Australia’s First Bushfire Resistant Straw House

Australia’s First Bushfire Resistant Straw House

29 October 2012

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Australia– On February 7, 2009, Victoria endured the worst bushfires in the nation’s recorded history.

Black Saturday, as the date is known, claimed 173 human lives and destroyed 2,029 homes. The Victorian Bushfires Royal Commission was established just over a week later to investigate the causes and responses to the disaster.

Now, with bushfire season fast approaching, construction of the first bushfire resistant straw bale house tested by CSIRO has begun in rural Victoria.

The idea has been developed by sustainable designer Joost Bakker, who has based the house on design principles that minimise environmental impact while withstanding temperatures equal to that of a worst-case bushfire scenario.

The design challenges traditional construction methods and materials. The structure is made with straw bale insulation and set into a recycled steel frame with magnesium oxide cladding. Created for Daylesford and Hepburn Mineral Springs company founder Mitch Watson, the new house will be located on a cliff top and feature a grass-covered roof that captures pollution through ‘living’ soils.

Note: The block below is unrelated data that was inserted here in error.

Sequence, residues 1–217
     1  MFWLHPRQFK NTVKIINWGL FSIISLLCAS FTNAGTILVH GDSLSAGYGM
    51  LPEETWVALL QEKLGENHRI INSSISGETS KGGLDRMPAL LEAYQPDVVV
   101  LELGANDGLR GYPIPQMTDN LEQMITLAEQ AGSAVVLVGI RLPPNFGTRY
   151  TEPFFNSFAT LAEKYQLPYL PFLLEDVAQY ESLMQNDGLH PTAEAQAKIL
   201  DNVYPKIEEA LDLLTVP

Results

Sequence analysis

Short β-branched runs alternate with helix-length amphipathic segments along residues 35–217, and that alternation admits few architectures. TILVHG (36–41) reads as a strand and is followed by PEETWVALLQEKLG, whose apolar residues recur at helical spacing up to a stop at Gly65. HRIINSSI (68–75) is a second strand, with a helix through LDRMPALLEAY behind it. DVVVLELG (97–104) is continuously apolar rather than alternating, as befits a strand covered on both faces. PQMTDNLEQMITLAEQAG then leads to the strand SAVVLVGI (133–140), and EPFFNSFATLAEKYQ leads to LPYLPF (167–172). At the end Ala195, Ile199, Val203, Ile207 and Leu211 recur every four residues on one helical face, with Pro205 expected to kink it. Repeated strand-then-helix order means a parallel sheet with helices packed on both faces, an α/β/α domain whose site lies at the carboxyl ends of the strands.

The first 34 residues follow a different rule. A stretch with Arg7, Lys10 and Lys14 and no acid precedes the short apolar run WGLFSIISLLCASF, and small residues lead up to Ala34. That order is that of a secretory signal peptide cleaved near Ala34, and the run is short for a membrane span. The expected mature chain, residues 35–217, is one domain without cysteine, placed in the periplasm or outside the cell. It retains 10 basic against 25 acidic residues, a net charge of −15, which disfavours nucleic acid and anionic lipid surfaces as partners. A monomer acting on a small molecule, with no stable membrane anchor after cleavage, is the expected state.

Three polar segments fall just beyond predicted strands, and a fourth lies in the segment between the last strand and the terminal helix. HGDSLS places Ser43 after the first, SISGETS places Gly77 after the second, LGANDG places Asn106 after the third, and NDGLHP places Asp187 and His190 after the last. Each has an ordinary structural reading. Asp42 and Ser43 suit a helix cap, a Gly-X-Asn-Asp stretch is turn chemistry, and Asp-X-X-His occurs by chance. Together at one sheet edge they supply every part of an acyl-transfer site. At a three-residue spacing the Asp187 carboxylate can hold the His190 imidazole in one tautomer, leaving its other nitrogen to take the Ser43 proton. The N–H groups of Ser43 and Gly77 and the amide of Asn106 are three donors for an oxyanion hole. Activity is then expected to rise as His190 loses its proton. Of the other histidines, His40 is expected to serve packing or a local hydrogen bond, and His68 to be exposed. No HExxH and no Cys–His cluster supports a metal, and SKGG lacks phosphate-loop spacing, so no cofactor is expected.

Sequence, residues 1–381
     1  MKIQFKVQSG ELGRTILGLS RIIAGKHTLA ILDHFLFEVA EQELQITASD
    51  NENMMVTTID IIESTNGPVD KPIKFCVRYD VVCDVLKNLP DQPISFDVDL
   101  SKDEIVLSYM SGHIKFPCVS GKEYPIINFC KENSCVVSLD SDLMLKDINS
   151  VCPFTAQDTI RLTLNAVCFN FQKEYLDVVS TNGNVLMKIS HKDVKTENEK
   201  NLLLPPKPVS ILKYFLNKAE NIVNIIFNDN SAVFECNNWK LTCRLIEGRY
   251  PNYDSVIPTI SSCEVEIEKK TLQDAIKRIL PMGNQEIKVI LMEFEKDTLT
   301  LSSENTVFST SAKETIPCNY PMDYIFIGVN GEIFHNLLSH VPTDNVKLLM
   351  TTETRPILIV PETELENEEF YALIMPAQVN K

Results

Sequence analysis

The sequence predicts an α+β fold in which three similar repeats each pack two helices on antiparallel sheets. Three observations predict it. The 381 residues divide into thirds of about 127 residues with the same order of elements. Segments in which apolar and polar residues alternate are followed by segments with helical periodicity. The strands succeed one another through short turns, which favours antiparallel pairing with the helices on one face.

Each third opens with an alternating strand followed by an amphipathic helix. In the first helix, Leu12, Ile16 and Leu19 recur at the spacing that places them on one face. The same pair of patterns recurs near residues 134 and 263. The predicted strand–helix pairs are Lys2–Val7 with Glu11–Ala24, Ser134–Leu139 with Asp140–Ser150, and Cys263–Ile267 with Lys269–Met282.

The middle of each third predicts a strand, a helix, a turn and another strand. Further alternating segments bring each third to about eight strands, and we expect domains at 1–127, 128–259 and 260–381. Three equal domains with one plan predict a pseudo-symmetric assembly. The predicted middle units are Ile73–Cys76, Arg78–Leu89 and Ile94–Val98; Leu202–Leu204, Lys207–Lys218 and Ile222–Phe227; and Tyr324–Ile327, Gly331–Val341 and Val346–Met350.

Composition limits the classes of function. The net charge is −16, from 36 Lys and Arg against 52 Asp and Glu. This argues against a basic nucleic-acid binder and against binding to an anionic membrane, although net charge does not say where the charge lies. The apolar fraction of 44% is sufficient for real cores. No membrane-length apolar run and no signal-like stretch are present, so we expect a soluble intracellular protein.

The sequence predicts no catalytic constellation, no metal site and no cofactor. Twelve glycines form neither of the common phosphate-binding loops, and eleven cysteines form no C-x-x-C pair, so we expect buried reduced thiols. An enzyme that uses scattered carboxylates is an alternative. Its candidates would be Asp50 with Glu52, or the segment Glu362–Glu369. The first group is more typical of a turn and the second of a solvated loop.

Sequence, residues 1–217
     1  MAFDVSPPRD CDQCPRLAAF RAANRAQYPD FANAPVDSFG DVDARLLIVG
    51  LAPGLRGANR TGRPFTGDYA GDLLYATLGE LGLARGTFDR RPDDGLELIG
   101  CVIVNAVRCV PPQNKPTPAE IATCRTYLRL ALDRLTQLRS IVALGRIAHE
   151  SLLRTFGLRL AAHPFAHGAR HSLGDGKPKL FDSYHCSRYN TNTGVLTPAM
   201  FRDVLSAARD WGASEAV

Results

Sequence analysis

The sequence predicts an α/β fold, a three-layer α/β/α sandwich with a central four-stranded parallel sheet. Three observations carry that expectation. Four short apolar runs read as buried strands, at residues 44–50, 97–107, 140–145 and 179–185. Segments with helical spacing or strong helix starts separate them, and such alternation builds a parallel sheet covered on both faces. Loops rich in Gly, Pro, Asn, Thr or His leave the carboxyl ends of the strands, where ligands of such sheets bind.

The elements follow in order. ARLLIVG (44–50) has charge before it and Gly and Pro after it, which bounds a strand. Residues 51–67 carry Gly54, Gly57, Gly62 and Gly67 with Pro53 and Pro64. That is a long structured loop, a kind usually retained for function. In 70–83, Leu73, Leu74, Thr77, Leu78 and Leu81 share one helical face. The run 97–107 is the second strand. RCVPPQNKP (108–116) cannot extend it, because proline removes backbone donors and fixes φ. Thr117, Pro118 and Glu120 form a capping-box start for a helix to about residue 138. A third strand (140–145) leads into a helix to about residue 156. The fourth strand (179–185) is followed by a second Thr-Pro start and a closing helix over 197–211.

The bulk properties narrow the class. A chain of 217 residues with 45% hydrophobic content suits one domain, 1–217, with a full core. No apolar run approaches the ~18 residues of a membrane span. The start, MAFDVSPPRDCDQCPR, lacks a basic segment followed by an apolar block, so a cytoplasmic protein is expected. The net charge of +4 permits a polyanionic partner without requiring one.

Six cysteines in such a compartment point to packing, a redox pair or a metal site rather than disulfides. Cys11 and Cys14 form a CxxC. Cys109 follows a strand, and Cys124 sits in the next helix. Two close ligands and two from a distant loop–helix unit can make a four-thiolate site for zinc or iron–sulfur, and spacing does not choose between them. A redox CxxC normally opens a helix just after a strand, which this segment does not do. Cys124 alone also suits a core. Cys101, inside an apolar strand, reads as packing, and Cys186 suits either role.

Testing was carried out earlier this year by CSIRO fire engineers using a bushfire simulator in Mogo, NSW. The results showed that the design could withstand temperatures in excess of 1,000 degrees Celsius.

“We’ve worked hard together to source materials from local suppliers – on one of my first visits to the Daylesford site I passed a paddock of soon to be harvested oats,” Bakker said. “Mitch asked the local farmer about the potential of baling the straw after the harvest of the crop and the farmer eagerly obliged. Consequently the local farmer’s straw will soon be the foundations and insulation of the new home.”

CSIRO fire safety engineer Alex Webb said the house material reacted very well when tested by CSIRO earlier this year.

“After a period of radiant heat exposure, the fire was intensified to the face of the building at over 1,000 degrees Celsius for almost two minutes, simulating a major fire front,” he said. “The final stage called ‘post fire exposure’ simulated heavy fuel burnout around the house.”

Webb noted that the test results showed the house would be suitable in areas prone to bushfires.

Research completed by CSIRO shows that by 2020, a greater number of extreme fire weather days, longer fire seasons and a greater potential for multiple fire events can be expected.



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